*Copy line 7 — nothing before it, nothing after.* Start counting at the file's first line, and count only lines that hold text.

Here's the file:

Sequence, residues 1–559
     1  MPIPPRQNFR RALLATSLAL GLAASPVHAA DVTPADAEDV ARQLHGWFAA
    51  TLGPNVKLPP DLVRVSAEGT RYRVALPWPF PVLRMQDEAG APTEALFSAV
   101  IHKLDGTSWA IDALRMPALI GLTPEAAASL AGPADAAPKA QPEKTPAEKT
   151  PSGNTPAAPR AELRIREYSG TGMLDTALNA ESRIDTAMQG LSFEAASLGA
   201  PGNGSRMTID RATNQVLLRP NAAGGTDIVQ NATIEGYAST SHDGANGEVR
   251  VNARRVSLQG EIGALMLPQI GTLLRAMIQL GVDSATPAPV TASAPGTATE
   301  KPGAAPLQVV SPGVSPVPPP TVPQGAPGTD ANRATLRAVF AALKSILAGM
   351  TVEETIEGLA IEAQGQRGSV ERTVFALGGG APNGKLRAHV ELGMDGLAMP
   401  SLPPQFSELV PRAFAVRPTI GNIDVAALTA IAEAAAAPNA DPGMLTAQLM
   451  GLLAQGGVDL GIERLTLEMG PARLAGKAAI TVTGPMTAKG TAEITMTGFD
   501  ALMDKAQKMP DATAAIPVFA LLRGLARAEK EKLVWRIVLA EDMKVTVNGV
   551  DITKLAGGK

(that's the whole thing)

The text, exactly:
   251  VNARRVSLQG EIGALMLPQI GTLLRAMIQL GVDSATPAPV TASAPGTATE